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Geosciences Colloquium: Dustin Trail, “Zircons and the Origin of Life”

Date/Time: 
Tuesday, February 12, 2019 - 4:00pm
Venue: 
022 Deike

On Tuesday, February 12th, Geosciences Colloquium Speaker Dustin Trail, Assistant Professor, Earth and Environmental Sciences, University of Rochester, presents “Zircons and the Origin of Life” at 4 PM in 022 Deike. A Speaker’s Coffee & Cookies Reception will immediately precede the talk in the EMS Museum on the ground floor of Deike. All are welcome.

 

More About Dustin Trail

Assistant Professor

Department of Earth and Environmental Sciences

University of Rochester

 

Education

Ph.D., Rensselaer Polytechnic Institute

 

Research Interests and Activities

Trail’s research is mainly laboratory-based and is focused on the evolution of planetary magmas through time; the conditions of early Earth and implications for the inception of the biosphere; secular changes in the oxidation state of magmas and fluids; the connection between the chemical state of the crust and mantle; and non-traditional mechanisms of isotope fractionation. In the laboratory setting, he designs and executes high pressure/temperature geochemistry-based experiments in which he synthesizes rocks and minerals under conditions appropriate to our planet, the Moon and other “rocky” planets in our solar system. Much of this work involves the investigation of accessory minerals in the crust such as zircon. Accessory minerals are important because in certain cases they represent the only available source of information. Zircon crystals are almost indestructible with ages that approach 4.4 billion years. Like tiny time capsules, they retain the chemical fingerprints of extremely early times and represent the only material available to investigate the Hadean Earth. There is strong evidence that some of the pre-4.0 Ga zircons formed in igneous magmas captured and archived a small fraction of the Earth's surface chemistry through re-melting of sedimentary rocks. Dustin and his lab group seek to "translate" this remnant chemical information from the formative stages of Earth into physical, chemical, and potentially planetary-wide constraints. “This is basically our only window into the formative stages of our planet,” states Trail.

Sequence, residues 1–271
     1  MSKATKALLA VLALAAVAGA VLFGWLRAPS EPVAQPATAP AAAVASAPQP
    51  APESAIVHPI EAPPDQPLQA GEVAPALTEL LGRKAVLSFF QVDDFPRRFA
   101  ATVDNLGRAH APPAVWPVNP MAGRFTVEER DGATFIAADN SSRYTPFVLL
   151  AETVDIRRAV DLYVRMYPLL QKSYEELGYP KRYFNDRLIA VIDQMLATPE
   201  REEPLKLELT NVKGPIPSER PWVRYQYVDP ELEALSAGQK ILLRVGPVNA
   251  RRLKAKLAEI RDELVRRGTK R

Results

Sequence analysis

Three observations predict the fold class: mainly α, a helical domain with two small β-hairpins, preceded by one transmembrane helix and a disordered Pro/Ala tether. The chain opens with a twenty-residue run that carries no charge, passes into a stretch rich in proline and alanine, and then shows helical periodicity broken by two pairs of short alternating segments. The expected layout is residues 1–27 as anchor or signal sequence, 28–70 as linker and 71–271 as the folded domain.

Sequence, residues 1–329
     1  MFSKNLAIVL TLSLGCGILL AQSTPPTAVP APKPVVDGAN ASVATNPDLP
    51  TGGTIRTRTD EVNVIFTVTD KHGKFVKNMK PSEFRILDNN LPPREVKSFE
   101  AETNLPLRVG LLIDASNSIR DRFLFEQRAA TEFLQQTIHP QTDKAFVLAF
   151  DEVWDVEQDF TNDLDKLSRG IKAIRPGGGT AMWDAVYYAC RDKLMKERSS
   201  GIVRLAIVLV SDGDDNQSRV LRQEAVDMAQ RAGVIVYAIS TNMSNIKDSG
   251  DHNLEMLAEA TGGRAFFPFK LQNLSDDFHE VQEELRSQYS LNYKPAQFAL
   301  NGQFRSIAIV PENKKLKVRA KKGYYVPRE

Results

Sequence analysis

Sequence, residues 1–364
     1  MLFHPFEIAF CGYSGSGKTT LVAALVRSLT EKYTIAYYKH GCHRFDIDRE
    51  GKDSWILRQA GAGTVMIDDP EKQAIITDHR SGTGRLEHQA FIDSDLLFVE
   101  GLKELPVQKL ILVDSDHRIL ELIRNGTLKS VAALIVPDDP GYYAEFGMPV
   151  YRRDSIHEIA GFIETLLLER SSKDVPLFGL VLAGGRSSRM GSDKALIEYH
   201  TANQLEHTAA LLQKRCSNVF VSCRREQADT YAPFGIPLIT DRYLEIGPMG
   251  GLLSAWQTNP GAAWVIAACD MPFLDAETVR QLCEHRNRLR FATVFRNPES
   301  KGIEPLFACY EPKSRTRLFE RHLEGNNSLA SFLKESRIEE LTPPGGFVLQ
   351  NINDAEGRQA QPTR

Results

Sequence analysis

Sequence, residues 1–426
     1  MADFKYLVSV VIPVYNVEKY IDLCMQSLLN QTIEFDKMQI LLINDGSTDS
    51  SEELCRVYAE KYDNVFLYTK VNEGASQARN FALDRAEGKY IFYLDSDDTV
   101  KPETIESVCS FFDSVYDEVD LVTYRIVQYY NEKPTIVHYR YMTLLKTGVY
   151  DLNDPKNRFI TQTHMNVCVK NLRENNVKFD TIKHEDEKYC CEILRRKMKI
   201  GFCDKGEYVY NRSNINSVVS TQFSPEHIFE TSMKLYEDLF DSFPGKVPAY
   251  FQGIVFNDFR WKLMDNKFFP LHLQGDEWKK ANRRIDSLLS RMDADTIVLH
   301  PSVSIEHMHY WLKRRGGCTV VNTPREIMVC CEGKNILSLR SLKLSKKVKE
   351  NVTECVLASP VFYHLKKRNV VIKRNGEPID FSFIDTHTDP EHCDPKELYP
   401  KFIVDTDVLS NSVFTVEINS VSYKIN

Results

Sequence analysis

Trail was selected as the recipient of the 2017 Mineralogical Society of America Award, in recognition of his contributions to studies of early-Earth environments, the conditions suitable for the origins of life, and the evolution of magmas and fluids in the earth’s crust.

 

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